VANCOUVER — The first computer, ENIAC, cost $6M in 1946 and had less power than a $5 animated greeting card you buy today and throw away tomorrow. That kind of technology innovation is powering the coming internet of things, and turning it into what Cisco Canada CTO Jim Seifert says will be a key component in $14.4 trillion of economic activity within the next decade.
Accelerating change is the key.
“In 50 years, 90 percent of what we know will have been discovered in the last 50 years,” Seifert said today at the Wavefront Wireless Summit in Vancouver. “And by 2050, $1,000 worth of computing will have the power of all the human brains on the planet.”
Change in nine key areas is driving the internet of things, according to Cisco. Those nine areas are:
- Standardization of IPv6, providing vastly more IP addresses
- The mainstreaming of cloud and “fog” computing (fog computing is Cisco’s phrase for smart things, distributed widely, reaching up to the cloud)
- Pervasive collaboration of people and professionals via technology
- The explosion of apps for everything
- The trend of app developers to push intelligence from the app layer to the network layer, or the cloud
- Growing big data and analytics
- Ever-increasing network capacity at higher speeds and ever-cheaper rates
- The consumerization of enriched experiences with things
All together, those nine changes are bringing about the fourth phase of the internet, in Cisco’s view.
The first phase was simply getting people connected … and the second phase was creating a networked economy by bringing businesses and transactions online. The third phase, evident in telepresence and gaming, was “immersive experience,” according to Seifert.
The fourth is the internet of things.
Above: Freescale Internet of Things
Image Credit: Freescale
Of course, we’ve been hearing about the internet of things for years — including billion-node global networks. But for most of us, our cars still don’t talk to our phones, and our homes don’t brighten and warm in anticipation of our imminent arrival, and our lawns don’t automatically water themselves. Our cities aren’t very smart yet: the police departments in most locations don’t automatically know when crowds form, and the transportation systems don’t quickly react to changing transit and commuter needs.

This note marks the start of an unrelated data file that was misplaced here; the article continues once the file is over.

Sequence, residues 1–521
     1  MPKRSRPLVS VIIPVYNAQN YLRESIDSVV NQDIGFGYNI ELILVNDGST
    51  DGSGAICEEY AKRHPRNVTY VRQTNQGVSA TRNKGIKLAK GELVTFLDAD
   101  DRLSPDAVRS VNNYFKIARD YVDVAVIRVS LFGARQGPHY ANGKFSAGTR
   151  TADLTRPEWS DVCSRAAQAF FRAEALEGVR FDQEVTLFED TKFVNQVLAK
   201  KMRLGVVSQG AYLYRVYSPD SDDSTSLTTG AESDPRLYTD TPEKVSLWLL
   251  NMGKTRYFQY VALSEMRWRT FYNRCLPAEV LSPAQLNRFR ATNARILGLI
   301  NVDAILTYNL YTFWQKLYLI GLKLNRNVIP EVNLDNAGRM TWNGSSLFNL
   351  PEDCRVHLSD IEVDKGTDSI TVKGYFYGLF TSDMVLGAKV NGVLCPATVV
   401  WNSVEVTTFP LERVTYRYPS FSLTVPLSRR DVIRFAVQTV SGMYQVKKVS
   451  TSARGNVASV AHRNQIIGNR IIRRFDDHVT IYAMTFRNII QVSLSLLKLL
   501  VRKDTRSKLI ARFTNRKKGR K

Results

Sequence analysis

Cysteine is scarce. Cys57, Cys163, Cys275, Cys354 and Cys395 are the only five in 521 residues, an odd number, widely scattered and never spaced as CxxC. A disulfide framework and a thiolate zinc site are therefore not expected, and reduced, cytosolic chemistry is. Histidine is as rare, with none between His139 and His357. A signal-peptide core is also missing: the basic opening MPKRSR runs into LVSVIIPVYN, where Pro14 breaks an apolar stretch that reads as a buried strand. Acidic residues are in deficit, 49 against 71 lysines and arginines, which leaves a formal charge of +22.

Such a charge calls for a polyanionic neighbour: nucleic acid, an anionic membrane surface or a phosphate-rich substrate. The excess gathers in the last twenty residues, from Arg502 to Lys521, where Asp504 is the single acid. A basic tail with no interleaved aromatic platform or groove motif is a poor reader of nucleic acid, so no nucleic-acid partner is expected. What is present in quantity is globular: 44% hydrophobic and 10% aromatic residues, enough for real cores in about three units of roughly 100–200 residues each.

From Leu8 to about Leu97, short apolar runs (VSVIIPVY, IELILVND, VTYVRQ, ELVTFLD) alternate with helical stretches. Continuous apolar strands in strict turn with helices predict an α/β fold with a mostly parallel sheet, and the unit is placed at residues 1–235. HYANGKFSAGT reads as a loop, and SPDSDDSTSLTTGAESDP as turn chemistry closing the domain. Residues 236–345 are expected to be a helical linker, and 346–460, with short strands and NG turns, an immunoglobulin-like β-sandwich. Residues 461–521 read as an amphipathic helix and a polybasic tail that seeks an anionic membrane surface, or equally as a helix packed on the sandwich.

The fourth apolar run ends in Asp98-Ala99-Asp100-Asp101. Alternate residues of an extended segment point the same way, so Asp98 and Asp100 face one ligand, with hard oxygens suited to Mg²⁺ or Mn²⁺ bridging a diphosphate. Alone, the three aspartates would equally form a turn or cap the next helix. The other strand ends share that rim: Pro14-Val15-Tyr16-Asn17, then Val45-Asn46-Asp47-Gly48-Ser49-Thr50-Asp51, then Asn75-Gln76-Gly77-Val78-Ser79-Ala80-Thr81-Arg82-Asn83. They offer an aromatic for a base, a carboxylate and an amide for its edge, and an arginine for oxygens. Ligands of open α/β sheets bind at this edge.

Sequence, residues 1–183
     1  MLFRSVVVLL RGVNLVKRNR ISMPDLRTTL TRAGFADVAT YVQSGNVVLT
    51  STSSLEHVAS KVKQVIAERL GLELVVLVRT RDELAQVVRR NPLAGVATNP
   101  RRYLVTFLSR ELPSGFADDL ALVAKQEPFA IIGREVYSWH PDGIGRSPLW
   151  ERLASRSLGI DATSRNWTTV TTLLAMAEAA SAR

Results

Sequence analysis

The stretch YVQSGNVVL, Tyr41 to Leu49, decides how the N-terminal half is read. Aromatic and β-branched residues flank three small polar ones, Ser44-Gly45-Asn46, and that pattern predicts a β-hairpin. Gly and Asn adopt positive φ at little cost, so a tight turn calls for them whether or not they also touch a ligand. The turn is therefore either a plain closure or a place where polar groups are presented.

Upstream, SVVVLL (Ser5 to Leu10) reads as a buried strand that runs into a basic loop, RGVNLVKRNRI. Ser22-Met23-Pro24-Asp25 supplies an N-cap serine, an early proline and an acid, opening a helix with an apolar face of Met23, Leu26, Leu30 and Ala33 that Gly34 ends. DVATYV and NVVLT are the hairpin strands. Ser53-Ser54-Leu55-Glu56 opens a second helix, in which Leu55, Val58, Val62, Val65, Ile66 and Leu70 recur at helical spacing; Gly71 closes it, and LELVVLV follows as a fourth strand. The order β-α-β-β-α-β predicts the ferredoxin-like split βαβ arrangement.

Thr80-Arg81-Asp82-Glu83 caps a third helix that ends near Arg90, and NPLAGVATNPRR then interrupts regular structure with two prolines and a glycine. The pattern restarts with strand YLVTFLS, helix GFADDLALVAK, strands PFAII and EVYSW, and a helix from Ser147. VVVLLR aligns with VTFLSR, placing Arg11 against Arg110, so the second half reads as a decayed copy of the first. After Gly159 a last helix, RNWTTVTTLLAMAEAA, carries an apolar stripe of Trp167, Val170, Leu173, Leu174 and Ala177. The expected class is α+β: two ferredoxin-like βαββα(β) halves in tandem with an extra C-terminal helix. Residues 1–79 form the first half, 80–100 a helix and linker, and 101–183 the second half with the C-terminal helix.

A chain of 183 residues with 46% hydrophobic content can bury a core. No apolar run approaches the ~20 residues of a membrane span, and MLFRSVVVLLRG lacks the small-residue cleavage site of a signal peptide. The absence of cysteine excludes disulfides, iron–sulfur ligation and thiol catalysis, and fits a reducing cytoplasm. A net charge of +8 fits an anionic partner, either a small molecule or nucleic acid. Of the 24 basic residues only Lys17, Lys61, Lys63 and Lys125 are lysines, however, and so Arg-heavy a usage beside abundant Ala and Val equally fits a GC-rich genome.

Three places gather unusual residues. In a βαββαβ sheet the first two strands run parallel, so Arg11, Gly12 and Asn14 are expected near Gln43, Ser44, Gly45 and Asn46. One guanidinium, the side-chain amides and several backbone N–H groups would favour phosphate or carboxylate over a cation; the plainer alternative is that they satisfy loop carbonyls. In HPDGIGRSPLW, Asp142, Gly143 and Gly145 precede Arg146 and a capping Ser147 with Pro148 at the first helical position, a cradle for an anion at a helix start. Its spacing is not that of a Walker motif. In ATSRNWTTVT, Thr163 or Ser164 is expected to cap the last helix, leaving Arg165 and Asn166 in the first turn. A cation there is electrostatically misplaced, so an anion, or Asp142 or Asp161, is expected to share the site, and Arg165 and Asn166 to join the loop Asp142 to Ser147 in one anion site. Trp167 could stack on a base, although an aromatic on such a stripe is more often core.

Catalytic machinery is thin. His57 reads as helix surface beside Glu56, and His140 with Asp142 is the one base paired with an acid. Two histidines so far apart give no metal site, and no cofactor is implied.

But science fiction author William Gibson’s comment that “the future is already here — it’s just not very evenly distributed,” has never been more true. And that’s the case, apparently, for the internet of things as well.
Examples of the internet of things already in existence include projects that are very much functioning, but simply not widespread yet … such as the usage-based insurance via car-embedded sensors that State Farm is testing, and smart cars such as the Nissan Leaf that tells you how much energy you use, and when to plug in to make your recharges cheaper. Electrical utilities, such as BC Hydro in Canada, are using smart metering to improve grid efficiency and making billing more accurate, and airports such as Copenhagen International are using data from free WiFi services to track passengers’ entrances, exits, stops, and backlogs, all in order to improve flow and experience.
Other examples include remote healthcare, which is more than just voice and video.
“It lets me listen to a person’s heartbeat 1,000 miles away,” a doctor participating in a Cisco trial, which adds instrumentation to remote health services, said.
Even cows are being tracked with UHF RFID, which allows farmers and ranchers to track and locate cattle without having to round them up, and also enables better health care for the animals. And the promise of smart cities, with street lighting that activates when needed and turns off when not in use, has the potential to save significant dollars. Most cities, Seifert said, spend 40 percent of their energy budget on lighting.
All together, there’s already hundreds of billions of dollars in economic activity that is affected by the first fruits of the internet of things. But not all is pink and rosy.
“There are some problems,” Seifert admitted. “I don’t know if you heard about the internet-connected fridge that sent out over 750,000 spam emails … apparently it caught a PC virus.”
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